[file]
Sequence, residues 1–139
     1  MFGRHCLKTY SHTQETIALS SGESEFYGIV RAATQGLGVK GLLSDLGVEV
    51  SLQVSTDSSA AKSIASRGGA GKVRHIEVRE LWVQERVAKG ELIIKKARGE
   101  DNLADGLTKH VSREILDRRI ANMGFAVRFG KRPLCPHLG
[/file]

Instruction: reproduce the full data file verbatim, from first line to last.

Sequence, residues 1–139
     1  MFGRHCLKTY SHTQETIALS SGESEFYGIV RAATQGLGVK GLLSDLGVEV
    51  SLQVSTDSSA AKSIASRGGA GKVRHIEVRE LWVQERVAKG ELIIKKARGE
   101  DNLADGLTKH VSREILDRRI ANMGFAVRFG KRPLCPHLG